Photo by Dan Davis trekkerphoto.com
The paradox of powder stashes on Vail and Beaver Creek
December 27, 2008 —
It’s one of the great dilemmas of the modern skier: how do you find the great powder stashes on Vail and Beaver Creek mountain and, once discovered, how do you keep them secret?
In this day and age, it’s a matter of a few clicks of the mouse and realvail.com could very easily show a treasure map of where to go to get your powder fix long after the main runs have been trammeled. Since I’d rather not be unceremoniously ejected from town, black-listed forever as “the guy who told everyone where the powder stashes are,” I chose instead to post a powder primer, a kind of “how-to” for getting out and discovering the stashes on your own.
Check it out at www.realvail.com/powder. It’s my way of teasing some of the hidden stashes on Vail while also delivering pointers to go find the more obvious, well-known powder stashes on Vail and Beaver Creek. It’s a far cry from the “pirate treasure” map made by an infamous Steamboat skier. The Steamboat map was translucent and could be laid over the top of a Steamboat trail map – powder stashes were marked by little treasure boxes. As handy as this was for the newcomer, it made many a powder hound howl with displeasure, and last I heard the map-maker was scraping tar and feathers off his tanned little hide.
With more than 12 cumulative feet of snow already fallen in the 2008-2009 season in Vail, however, you don’t need a pirate treasure map to find your private stash – all you really need is a lift ticket.
Learning to ski it well is another matter entirely. I spent a portion of this recent Christmas season skiing with my in-laws, a few of whom were struggling with the huge amounts of fresh white gold we’ve been harvesting here in recent weeks.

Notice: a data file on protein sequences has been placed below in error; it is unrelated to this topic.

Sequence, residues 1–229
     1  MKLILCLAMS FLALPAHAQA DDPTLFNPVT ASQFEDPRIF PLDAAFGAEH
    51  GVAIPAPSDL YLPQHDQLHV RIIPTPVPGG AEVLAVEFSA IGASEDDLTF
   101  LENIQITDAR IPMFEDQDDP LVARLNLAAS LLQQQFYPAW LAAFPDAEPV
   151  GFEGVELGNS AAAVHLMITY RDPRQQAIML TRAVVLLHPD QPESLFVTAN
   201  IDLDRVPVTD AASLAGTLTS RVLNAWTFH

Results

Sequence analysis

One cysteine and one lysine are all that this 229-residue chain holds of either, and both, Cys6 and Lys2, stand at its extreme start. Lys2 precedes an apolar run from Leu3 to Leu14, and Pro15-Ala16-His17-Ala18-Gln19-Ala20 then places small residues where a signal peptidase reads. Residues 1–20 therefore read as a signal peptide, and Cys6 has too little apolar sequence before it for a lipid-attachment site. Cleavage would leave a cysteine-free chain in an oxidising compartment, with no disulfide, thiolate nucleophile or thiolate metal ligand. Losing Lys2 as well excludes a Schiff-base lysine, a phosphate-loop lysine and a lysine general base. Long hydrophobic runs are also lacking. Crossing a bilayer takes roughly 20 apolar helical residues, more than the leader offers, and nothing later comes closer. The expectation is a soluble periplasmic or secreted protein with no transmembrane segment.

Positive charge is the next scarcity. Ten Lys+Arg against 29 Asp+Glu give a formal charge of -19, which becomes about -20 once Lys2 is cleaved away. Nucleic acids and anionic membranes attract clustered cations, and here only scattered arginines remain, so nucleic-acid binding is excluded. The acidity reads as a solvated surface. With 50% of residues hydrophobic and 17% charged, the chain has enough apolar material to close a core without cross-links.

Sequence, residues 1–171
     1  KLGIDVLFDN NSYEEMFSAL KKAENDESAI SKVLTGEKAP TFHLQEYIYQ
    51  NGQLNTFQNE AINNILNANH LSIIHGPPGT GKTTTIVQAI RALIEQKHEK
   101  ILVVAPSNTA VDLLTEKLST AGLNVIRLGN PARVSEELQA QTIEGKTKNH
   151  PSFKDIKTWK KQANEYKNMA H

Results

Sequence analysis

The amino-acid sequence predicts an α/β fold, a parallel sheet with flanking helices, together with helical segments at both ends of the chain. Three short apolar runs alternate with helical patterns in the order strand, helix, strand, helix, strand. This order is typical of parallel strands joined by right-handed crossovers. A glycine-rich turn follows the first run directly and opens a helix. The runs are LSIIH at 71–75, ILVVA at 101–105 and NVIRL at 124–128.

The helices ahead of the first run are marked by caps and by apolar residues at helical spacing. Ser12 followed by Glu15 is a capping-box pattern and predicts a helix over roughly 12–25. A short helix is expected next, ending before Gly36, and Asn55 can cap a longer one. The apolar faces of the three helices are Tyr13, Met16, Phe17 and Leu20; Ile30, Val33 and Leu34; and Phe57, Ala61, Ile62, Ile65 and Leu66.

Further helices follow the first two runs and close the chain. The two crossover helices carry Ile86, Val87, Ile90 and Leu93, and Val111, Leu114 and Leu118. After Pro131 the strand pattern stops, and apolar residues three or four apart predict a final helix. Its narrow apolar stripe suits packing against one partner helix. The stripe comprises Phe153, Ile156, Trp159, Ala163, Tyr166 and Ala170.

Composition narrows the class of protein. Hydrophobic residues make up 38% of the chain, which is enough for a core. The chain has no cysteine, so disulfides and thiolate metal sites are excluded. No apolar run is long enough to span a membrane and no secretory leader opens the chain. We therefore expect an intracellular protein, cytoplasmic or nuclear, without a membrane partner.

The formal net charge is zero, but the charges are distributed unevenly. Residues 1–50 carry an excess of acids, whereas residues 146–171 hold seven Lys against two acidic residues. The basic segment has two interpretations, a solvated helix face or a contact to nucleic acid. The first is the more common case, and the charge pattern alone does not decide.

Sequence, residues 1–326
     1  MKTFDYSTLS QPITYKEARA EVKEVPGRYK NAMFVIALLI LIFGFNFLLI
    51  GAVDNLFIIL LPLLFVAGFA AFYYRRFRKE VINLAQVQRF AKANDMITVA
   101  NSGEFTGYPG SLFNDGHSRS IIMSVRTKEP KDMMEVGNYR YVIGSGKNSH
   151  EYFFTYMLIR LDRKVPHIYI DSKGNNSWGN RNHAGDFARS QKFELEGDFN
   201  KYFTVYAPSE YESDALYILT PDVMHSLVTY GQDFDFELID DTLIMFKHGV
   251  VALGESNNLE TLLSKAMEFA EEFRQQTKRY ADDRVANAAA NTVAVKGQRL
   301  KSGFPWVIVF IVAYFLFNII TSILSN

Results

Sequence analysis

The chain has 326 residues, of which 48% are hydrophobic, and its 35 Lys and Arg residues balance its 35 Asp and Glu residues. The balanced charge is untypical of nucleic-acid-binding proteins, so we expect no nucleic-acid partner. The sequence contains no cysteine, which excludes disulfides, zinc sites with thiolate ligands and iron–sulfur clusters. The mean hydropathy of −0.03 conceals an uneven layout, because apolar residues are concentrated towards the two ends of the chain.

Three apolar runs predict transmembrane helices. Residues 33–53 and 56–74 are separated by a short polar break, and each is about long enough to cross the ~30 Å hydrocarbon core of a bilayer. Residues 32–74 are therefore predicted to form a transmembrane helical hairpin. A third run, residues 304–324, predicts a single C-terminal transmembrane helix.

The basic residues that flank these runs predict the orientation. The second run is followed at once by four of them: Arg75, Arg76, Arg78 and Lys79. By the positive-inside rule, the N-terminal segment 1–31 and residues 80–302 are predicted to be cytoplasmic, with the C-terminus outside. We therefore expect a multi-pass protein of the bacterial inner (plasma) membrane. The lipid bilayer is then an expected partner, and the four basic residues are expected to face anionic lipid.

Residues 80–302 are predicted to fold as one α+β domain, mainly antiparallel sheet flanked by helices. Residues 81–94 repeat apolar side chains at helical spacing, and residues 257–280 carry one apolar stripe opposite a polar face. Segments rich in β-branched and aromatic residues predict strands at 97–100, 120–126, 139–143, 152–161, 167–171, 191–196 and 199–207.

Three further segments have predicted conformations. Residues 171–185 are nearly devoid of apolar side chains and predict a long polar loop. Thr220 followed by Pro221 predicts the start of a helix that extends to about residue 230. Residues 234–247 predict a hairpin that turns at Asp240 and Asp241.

Not everyone gets as excited about skiing powder as I do – sometimes the groomers are just the thing. I always try and encourage inexperienced skiers to get out and try the powder a bit, get used to it, and try and learn to enjoy riding untrammeled snow because, as many of you will agree, it’s what skiing and riding is all about.
So here’s the bit of advice I gave to the in-laws as they ventured out into the deep stuff: Keep your knees bent and sit low in your “chair,” with your butt down low but with your shins pushed forward against the front of your boots. Drive the knees and shins forward into your turns, but keep the butt low as a kind of ballast. Keep up your speed – it’s harder to turn in powder when you’re moving slow, and carve forward with your hands up in front of your chest as you push through the turn. It can be tiring, yes, but standing up straight or leaning backward will be even more tiring and much more likely to provide you with a hefty face plant.
So with those few tips up on the net for all to see, I’m going to go out and put them to the test in this week’s fantastic conditions. Good luck and see you out there.
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